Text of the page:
In the case of Cyprus the Asylum Service (from the Ministry of Interior) and the Reviewing Authority (a second instance body, of independent nature, appointed by the Council of Ministers), are responsible for implementing this procedure. They alone, following UNHCR policies, and not any body else, have the responsibility to analyze and decide, who is to be RECOGNIZED as a refugee, and who can be REJECTED because doesn’t meet the requirements. UNTIL the person who has applied (we will speak later about how and where) has not been INDIVIDUALLY EXAMINED nobody is in a position, to make speculative conclusions on them. This individualized examination comprises a detailed interview (sometimes lasting 6 hours, sometimes is a series of interviews), and scrutiny and analysis of the specific circumstances of the country of origin in relation to that particular individual. When, after the interview, the case is rejected there is not longer a reason to call them a/s (UNHCR analyses at random some of the decisions to see if the cases are been well assessed).

(PP 6) #Ref, # a/s

Despite the above, we frequently hear: “Most apply without being victims of persecution; they are abusers of the asylum system”. Please imagine how unfair this is to those who have been tortured, abused or other wise persecuted. Yes, no doubt there is abuse, here and elsewhere. Life is full of difficulties and dilemmas and this is only one more of many of them. We have to deal with it. In the same way that the doctors cant refuse to see persons alleging a pain on the grounds that the majority of us are healthy, equally, we have to analyze each asylum claim, because we cant afford the luxury of being indifferent to persons who may be tortured or killed because of the religion they want to practice, the ethnic group in which they were born, or their ideology. The right to seek asylum (contained in the Universal Declaration of Human Rights) is absolute, and thus no exceptions can be made. The claim MUST be heard because it can be a matter of life or death. Therefore, the response of asylum countries should not be to devise ever more ingenious ways to close their doors. Instead, States need to implement rapid, fair and effective procedures to distinguish those who need protection from those who move for other reasons.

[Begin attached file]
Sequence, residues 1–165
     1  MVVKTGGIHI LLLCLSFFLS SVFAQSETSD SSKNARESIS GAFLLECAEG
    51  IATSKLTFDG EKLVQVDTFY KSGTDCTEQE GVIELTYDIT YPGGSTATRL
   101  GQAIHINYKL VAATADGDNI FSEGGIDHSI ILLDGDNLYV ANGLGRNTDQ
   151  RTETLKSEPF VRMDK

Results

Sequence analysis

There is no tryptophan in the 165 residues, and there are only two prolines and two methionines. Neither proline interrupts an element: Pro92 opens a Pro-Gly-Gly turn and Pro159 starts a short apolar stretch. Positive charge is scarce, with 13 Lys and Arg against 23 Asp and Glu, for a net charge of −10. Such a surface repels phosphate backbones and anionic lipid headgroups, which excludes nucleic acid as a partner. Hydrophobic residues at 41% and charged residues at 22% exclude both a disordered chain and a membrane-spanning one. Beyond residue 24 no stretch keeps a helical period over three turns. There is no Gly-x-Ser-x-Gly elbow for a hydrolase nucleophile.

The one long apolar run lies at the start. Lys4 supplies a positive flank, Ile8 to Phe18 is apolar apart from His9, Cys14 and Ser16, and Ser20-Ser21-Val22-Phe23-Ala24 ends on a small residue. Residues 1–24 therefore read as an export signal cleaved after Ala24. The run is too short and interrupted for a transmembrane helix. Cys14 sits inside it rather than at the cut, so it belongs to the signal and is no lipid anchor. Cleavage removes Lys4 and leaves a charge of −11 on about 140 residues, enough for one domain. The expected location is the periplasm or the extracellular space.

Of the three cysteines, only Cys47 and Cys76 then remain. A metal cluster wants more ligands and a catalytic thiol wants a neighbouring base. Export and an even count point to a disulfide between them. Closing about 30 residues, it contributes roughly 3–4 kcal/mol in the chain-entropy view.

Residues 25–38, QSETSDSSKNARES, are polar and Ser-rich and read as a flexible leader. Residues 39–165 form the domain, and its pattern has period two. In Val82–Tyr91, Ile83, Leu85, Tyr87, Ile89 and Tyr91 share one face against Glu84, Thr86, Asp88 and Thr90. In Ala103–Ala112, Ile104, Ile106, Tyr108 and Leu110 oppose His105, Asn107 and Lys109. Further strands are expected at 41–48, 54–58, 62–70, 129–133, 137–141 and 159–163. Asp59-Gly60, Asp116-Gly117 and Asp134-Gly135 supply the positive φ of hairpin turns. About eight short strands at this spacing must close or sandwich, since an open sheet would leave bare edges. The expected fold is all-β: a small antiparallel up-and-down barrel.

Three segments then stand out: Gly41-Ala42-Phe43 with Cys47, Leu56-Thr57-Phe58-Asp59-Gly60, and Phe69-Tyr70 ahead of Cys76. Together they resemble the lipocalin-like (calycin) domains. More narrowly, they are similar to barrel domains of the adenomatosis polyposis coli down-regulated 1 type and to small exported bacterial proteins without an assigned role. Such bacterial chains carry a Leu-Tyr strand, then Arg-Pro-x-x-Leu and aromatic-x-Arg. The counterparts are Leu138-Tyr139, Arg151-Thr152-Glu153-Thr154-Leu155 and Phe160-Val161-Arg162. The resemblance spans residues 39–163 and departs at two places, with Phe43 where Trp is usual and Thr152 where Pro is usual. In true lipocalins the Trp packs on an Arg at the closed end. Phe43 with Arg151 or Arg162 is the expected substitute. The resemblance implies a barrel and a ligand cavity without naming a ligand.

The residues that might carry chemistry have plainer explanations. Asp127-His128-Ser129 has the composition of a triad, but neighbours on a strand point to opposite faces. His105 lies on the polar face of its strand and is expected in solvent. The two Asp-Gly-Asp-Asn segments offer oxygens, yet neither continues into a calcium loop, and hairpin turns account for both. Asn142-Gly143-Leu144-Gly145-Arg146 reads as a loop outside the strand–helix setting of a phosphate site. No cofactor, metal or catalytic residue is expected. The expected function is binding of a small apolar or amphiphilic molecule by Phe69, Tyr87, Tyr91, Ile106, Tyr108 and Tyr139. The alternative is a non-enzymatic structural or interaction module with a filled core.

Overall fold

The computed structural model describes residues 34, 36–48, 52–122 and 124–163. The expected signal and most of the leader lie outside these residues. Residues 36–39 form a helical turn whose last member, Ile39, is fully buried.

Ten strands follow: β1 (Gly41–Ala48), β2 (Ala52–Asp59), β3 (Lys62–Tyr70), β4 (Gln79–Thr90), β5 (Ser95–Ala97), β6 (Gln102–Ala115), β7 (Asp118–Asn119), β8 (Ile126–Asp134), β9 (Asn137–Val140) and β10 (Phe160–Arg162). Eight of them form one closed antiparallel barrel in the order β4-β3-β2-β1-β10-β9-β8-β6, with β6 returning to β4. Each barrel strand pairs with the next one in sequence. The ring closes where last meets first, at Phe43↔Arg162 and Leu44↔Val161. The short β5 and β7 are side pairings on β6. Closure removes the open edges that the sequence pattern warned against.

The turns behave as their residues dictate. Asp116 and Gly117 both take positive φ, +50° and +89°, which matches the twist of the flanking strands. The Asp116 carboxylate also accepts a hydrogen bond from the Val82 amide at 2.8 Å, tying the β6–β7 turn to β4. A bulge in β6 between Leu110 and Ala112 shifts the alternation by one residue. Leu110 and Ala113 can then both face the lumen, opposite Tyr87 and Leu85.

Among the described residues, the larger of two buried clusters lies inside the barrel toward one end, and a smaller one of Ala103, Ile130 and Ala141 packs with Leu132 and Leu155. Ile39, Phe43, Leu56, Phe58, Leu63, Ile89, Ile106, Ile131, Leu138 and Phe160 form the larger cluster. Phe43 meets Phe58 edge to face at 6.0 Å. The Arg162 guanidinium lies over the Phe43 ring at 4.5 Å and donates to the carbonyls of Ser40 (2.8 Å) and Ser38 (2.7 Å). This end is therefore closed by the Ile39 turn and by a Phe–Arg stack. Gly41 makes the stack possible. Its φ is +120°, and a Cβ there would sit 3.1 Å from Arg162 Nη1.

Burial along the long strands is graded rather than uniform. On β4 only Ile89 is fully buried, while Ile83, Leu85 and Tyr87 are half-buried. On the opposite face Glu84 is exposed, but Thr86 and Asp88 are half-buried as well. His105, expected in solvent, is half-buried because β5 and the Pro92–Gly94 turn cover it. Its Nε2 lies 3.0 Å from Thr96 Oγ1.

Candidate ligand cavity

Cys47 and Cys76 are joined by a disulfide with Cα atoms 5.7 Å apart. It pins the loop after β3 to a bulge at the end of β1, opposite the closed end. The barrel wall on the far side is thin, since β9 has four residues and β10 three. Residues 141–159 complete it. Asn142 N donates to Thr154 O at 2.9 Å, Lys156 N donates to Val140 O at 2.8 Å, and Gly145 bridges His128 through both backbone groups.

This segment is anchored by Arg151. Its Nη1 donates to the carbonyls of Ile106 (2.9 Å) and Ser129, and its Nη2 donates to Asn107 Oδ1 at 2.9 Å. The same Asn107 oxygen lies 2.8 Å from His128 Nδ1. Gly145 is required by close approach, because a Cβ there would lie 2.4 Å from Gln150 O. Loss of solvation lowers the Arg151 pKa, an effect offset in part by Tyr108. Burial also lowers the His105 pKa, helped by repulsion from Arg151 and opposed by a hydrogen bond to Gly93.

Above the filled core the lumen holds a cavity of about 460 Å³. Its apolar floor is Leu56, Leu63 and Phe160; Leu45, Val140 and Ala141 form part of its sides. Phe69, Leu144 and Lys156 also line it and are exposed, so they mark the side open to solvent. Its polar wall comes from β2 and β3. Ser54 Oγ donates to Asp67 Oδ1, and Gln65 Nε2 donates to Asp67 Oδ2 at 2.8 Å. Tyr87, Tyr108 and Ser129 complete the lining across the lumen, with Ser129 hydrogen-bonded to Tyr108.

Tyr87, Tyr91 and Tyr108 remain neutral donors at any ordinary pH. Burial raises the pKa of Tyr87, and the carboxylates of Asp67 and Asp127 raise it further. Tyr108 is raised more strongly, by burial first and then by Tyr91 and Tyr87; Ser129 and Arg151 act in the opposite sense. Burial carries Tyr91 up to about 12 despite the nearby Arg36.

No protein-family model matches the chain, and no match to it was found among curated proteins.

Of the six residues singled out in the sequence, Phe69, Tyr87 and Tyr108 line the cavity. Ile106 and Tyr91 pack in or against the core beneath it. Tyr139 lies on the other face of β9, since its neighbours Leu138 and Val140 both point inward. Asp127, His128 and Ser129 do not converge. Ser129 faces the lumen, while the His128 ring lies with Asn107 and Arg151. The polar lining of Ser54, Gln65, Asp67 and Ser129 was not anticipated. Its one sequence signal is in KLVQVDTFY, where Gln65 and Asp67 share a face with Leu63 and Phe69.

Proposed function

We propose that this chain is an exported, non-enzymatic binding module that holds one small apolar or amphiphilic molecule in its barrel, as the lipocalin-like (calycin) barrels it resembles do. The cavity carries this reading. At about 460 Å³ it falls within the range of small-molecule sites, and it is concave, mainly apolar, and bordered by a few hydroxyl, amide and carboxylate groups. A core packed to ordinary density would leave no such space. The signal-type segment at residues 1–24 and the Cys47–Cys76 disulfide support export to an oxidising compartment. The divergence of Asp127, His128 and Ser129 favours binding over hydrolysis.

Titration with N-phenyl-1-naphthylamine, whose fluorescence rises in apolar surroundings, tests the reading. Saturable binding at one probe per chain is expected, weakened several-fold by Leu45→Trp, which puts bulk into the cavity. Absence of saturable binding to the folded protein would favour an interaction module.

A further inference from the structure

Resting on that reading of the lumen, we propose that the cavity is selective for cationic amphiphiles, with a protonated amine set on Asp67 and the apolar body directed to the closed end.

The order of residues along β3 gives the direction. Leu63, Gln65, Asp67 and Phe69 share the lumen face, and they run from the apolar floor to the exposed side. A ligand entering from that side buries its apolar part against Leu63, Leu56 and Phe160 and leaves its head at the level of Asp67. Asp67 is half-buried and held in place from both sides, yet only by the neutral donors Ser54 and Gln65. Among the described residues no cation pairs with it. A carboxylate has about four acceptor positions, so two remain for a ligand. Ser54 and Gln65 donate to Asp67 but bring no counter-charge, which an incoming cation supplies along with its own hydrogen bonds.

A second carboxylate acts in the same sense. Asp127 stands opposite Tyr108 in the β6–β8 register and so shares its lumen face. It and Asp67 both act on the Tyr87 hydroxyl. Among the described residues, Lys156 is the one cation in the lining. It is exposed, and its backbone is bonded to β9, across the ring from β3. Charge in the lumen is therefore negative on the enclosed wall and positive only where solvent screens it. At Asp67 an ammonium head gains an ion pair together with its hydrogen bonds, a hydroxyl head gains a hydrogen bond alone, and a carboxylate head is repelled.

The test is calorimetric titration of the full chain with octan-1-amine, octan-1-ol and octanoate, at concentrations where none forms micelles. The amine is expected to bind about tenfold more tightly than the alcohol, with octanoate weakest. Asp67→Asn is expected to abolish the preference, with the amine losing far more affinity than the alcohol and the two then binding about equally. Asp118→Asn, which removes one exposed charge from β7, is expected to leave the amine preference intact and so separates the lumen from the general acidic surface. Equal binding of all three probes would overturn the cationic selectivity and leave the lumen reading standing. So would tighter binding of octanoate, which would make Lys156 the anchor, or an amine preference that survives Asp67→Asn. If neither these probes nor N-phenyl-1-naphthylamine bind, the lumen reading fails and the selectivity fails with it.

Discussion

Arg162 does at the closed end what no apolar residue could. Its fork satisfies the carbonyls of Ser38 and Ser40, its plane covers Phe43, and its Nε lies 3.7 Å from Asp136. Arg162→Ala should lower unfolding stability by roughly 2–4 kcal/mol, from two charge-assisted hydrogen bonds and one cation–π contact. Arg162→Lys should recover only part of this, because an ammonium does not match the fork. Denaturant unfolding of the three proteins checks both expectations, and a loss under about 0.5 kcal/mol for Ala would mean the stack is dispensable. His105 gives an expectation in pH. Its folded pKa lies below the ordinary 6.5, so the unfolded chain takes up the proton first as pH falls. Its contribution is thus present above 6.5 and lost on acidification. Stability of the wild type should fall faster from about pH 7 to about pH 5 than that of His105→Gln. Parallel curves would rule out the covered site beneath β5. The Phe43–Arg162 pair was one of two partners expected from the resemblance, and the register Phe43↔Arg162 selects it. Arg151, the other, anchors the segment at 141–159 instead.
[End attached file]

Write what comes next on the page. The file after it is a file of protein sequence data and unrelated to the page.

(PP 7)

UNHCR also deals with other categories of people. For lack of time I will need to refer to the information contained in your folders.

……..KNOW MORE ABOUT how UNHCR contributes. To illustrate it, I will refer to our work in Cyprus formulating 7 ENCOURAGEMENTS
(PP 8)

UNHCR has a “watching brief”, intervening, if necessary, to ensure that asylum seekers are not forcibly returned to countries where their lives may be in danger. UNHCR is to ensure that states are AWARE OF, AND ACT ON THEIR OBLIGATIONS to protect refugees and persons seeking asylum. UNHCR does not substitute governments in their responsibilities.

1. Information to asylum seekers. They should be informed in a language that they understand on their rights and obligations, highlighting how to access those rights. The Government is obliged to do it by the EU directives, and national regulations. At present the information they get is sketchy, to say the least. UNHCR has not only advocated for the early implementation of this obligation but has substantively helped in the preparation of such brochure. Bear in mind that access to information could also discourage non-genuine refugees.

2. Expedite RSD. In Cyprus, there are at present 12,000 refugee applications pending RSD. This situation is neither advantageous for the State not for the a/s. They have accumulated because insufficient resources are allocated to undertake the individual status determination. Some have waited even for 3 years. It would be more cost effective for the State to devote additional resources to expedite decisions WHILE AT THE SAME TIME MAINTAINING THE QUALITY AND FAIRNESS OF THE DECISIONS. The present circle of administrative requirements for an extended period of time is much more costly for the administration. --I am referring to periodic renewals of residence permits and unemployment cards, immense processing of requests to social welfare and medical cards, detentions, maintenance and police supervision of those in detention--. UNHCR has brought to the attention of the competent authorities at the highest level that WHILE UNDERSTANDING THAT THE PRESSURE IS HIGH, and THE SYSTEM NEW, THERE IS A NEED TO DEAL WITH THIS REALITY. Be sure that more immediate decision would also discourage individuals who do not suffer from well founded fear of persecution from applying.